But on the other hand, with no indications that the conflict in Ukraine is about to end at the present time, President Xi has taken steps to distance himself from his Russian counterpart, including China’s signing of a statement during the G-20 summit, in November 2022 in Bali.  Indonesia, China, along with its other member states, reaffirmed their strong condemnation of the war in Ukraine.

 The summit that took place between President Xi Jinping and his counterpart, US President “Joe Biden”, on the sidelines of the G20 meetings, also helped ease tensions between the two largest powers in the world, as the two leaders jointly warned the Kremlin in Russia, because of a Russian statement,  About the imminent outbreak of a nuclear war against Ukraine.

 The first American comment on the event of Chinese President Xi Jinping’s visit to Russia came through a State Department spokesperson, in a statement, to express Washington’s concern about China’s alliance with Russia, in light of Moscow’s continued brutal and illegal invasion of Ukraine, according to the official American  statements.

 Here came the United States and Europe’s warning to China of the consequences of providing any military assistance to Russia in its war against Ukraine or helping it evade internationally imposed sanctions.

 Here came the joint declaration between Moscow and Beijing to continue strengthening their strategic and comprehensive partnership relations, emphasizing the rejection of attempts to build a unipolar world dominated by Washington, because that American hegemony has acquired an ugly form in recent times.  The Chinese Foreign Ministry’s response also came with an emphasis on China’s support for Russia in strengthening its position as a major power in the international arena.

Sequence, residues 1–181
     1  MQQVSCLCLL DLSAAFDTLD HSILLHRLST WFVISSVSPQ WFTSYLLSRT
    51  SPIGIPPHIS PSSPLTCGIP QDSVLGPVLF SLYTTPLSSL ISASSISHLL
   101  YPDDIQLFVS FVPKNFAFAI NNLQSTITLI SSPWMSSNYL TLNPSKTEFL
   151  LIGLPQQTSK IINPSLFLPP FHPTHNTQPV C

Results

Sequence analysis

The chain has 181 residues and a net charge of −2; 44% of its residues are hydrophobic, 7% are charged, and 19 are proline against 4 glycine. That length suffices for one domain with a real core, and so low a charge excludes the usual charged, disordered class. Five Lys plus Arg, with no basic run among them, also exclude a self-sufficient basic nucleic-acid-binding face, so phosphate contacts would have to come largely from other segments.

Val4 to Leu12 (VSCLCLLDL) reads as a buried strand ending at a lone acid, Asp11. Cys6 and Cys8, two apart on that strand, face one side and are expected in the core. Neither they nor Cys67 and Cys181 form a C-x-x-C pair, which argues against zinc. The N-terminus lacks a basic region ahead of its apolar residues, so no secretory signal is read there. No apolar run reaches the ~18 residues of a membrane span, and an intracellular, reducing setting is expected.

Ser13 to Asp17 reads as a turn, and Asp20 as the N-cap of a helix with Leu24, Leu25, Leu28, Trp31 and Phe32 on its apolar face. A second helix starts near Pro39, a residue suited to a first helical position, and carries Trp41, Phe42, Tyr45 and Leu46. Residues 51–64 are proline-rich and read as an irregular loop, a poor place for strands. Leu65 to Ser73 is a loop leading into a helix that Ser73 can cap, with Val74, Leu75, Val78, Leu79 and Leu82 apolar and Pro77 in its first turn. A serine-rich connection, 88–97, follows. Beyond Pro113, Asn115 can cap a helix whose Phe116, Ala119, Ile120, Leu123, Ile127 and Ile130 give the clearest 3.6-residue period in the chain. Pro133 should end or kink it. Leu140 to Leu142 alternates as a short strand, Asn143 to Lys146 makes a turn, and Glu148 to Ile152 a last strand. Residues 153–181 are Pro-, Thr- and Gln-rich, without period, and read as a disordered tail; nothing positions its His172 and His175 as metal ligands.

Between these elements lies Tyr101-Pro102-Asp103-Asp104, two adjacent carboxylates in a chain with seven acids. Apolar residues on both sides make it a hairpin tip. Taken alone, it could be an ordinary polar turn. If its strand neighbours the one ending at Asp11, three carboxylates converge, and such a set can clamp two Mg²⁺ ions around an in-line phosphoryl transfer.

During Chinese President Xi Jinping’s visit to Russia, it will be emphasized that China is ready to continue to provide mutual support to Russia on issues related to their core interests, such as:

  (Sovereignty and security, intensification of strategic coordination between the two countries, and strengthening communication and coordination in the main international and regional organizations in whose membership they participate, such as: “The United Nations, BRICS Group, Shanghai Cooperation Organization”)

  Here, Russian President “Putin” opposes any attempts by any external forces to interfere in China’s internal affairs, such as the situation in Xinjiang, Hong Kong and Taiwan, with his Chinese counterpart, “Xi”, asserting that Beijing has always made independent judgments regarding Russia, foremost of which is its war against Ukraine.

 During the visit, Chinese President “Xi Jinping” is expected to call on all parties to the conflict between Russia and Ukraine to find a peaceful solution, with the Chinese leadership willing to play a constructive role in this process. And while the Chinese government called earlier to adopt peace between Russia and Ukraine, it stressed at the same time its understanding of Russia’s security concerns, and its condemnation of the supply of weapons from the West to the capital, “Kyiv”.

  At the end of February 2022, Beijing abstained from voting on a UN Security Council resolution condemning the Kremlin’s actions regarding Ukraine.  And this is despite Washington’s pressure on Beijing to adopt a position more in line with the Western position, but China refused to take any hostile stances or measures towards Russia, which it always describes as a “strategic partner”.

 Hence, we conclude the extent of the great Chinese political solidarity with Moscow. With the increase in the overall Chinese trade movement with the Russian side, and China essentially abandoning Ukraine’s support despite their previous relations in favor of Moscow, Beijing also expanded its financial transactions with the Russians without using the currency of the dollar or the euro, and doubled future cooperation for the development of military technology with Russia while conducting the Joint Russian-Chinese military exercises in the Pacific region.   In my personal belief, the American concern itself is not from a joint official Russian-Chinese alliance, but rather the fear of the compatibility of the policies of the two countries, which follow two different authoritarian regimes according to the classification of America and the West, and oppose the world order that the United States of America controls internationally in the recent time. The two parties together may impede the ability of the United States of America to implement some of its international goals, and thus influence the American influence internationally.             

Continue Reading

East Asia

Chinese Communist Party and the path of “high-quality development” at Guangdong Province

Avatar photo



A night view of Shenzhen, Guangdong province, on March 10, 2018. (PHOTO / VCG)